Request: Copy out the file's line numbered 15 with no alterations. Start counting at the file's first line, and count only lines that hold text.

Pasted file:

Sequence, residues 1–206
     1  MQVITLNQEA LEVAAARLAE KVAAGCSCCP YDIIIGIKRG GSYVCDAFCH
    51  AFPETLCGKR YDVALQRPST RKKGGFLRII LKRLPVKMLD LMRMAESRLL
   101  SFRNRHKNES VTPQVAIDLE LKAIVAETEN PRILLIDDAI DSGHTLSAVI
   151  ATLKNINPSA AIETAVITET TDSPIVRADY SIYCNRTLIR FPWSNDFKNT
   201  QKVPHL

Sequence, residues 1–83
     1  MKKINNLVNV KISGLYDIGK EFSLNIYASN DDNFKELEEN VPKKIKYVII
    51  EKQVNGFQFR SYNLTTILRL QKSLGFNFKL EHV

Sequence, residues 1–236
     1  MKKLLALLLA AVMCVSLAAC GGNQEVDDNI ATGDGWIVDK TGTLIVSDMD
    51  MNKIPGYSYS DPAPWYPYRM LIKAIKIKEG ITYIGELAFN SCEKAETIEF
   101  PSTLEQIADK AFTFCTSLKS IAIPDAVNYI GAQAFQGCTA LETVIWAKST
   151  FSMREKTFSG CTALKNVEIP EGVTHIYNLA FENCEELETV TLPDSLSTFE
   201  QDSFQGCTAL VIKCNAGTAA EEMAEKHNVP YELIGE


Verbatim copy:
   201  QDSFQGCTAL VIKCNAGTAA EEMAEKHNVP YELIGE